The real value of Sergei Tretyakov's saga lies less in his scattershot claims and innuendoes than in his sharp eye and gossipy insider's view of the KGB/SVR's training, methods, foibles and tricks. The CIA resettles defectors and pays well the ones it likes. It certainly must like Tretyakov because, Earley reports, his pay package topped a record $2 million. He lives now in a secret location under a new name. His wife, Helen, drives a Porsche, and Sergei has a Lexus SUV.
Copyright 2008, The Washington Post. All Rights Reserved.
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Also recommended: The Cold War: A New History – by John Lewis Gaddis
Tretyakov explains to the reader that under the Soviet Union the KGB and its members enjoyed great power and privileges. The "Center" -- the headquarters of the portion of the KGB that was responsible for spying on foreign countries, seemed like a palace to Tretyakov when he first reported there for duty. The premises were immaculate, and foreign consumer goods were available to KGB members at low prices -- something that the average Russian could only dream of. Discipline was rigid, harsh and arbitrary. KGB Generals lived like princes. This was Tretyakov's world and it was a world that he accepted and approved of and sought to rise within. When the Soviet Union fell, the KGB fell on hard times. It was split by Yeltsin into multiple security services much like the US model, with one service, the SVR, responsible for foreign intelligence much like the CIA is in the USA, while a different service performs internal security in a manner analogous to the FBI's functions in America. Tretyakov and his wife and daughter saw the prestige and power of the now-SVR fall on hard times. When he reported back to Russia shortly after Gorbachev's fall, the Center was no longer a palace. Like almost all institutions in Russia, the SVR was in a tremendous state of flux. For the first time it was underfunded such that the building became decrepit, (the restrooms lacked toilet paper and "resembled a latrine in a Russian railway station") and discipline at the Center disintegrated. KGB agents were resigning to try to make their fortunes in the private sector by seizing control of former State assets in gangster fashion. It is obvious that Tretyakov watched this upheaval with horror, and it was this, combined with the long years that he, his wife, and daughter had spent in the US and Canada, that ultimately caused him to decide to defect. Tretyakov cut a deal with the US intelligence services whereby he spied for America for a time in exchange for a promise, which America kept, to allow him and his family to eventually become Americans and be set up with financial security.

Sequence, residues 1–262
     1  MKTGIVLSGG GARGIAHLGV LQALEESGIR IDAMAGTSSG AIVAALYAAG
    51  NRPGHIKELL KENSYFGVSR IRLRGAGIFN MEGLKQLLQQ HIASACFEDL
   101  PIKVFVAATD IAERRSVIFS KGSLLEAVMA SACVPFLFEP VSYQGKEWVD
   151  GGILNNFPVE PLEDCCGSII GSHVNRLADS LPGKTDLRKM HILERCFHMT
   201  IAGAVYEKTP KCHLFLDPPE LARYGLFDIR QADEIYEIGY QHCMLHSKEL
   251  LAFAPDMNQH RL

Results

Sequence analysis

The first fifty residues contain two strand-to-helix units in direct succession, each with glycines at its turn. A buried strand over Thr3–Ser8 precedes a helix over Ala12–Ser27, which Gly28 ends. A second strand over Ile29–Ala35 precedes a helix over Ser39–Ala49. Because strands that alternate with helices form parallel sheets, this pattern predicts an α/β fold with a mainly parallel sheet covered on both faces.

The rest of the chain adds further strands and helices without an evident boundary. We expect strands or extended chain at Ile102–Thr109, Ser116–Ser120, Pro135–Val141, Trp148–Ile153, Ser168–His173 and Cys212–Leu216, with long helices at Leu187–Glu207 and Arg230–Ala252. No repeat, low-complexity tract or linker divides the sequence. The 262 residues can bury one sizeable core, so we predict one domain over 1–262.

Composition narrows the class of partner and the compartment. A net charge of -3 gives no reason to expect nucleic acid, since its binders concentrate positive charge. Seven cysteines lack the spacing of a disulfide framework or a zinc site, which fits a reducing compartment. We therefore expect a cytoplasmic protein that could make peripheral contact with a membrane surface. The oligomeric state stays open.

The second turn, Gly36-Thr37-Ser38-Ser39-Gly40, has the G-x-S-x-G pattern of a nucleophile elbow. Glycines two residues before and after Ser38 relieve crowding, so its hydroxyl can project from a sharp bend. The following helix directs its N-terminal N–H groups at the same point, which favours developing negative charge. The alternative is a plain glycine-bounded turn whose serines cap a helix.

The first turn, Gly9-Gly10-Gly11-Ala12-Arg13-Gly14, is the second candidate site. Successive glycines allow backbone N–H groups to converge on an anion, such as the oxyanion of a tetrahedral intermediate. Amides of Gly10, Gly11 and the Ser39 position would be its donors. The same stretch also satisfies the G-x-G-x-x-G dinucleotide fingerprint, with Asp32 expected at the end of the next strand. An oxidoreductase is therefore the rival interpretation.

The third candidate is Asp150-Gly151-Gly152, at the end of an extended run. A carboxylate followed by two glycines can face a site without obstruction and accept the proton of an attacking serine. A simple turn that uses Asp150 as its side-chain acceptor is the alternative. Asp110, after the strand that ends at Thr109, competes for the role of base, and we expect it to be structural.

I have read a number of stories about former KGB agents and Tretyakov's story in "Comrade J" has many common elements with these other memoirs. "Comrade J" is unique, however, because the events that led to Tretyakov's defection, i.e. the fall of Communism and the rise of Yeltsin and Putin, are recent, and Tretyakov witnessed the fall of the KGB and its rebirth as the SVR. Tretyakov's message is that the SVR is just as determined as was the KGB to wage aggressive and hostile espionage against the USA and other powers. He explains that the modern Russian Federation still views America as the "Main Target" (under the Soviet Union the term defining the USA was the "Main Enemy") with NATO and China also marked as prime targets of Russian hostility and espionage.
One thing in this book eluded me to some extent, and that was the actual reason for Tretyakov's decision to change sides. One suspects that a large part of it was that his wife and daughter, who were allowed to travel with him and live in the US and Canada while he spied for the KGB, became Westernized. Certainly this was part of it. Tretyakov explains that his wife in particular was horrified at the gangsterism that rose as Communism fell, with former KGB and Soviet officials grabbing huge chunks of the Soviet economy, sometimes literally at gunpoint. The decay of the Center, and the decline of KGB power and discipline, which Tretyakov observed first-hand when he returned to Russia after the Soviet Union was dissolved, obviously jarred and horrified him. One suspects that if the old Soviet Union had somehow managed to survive in its Brezhnev form, with the KGB near the top of the Russian heirarchy, that Tretyakov would have remained a Russian patriot and not defected. Or did his family become sufficiently Americanized so that even then defection would have been a compelling option, as it has been for others? Perhaps even Tretyakov does not know for certain.
This is a well-written and fascinating look at the decline of the Soviet Union as seen from the vantage point of the KGB, one of the USSR's primary institutions of power. Tretyakov's warning about the nature of the modern Russian government and its intentions are well worth considering. Highly recommended. RJB.
There is enough tittle tattle about trade craft and intrigue here for a good winter night's reading. Still the author has not told us what questions he asked of J or what he refused to answer. But "Comrade J" is not merely a spy book. It stands, even more importantly, as a metaphor for the USSR's collapse. Even the best rewarded like Sergei Tretyakov could not tolerate "The System" that made him what he was. Amazon purchase. 4 stars. S/ David J Kenney.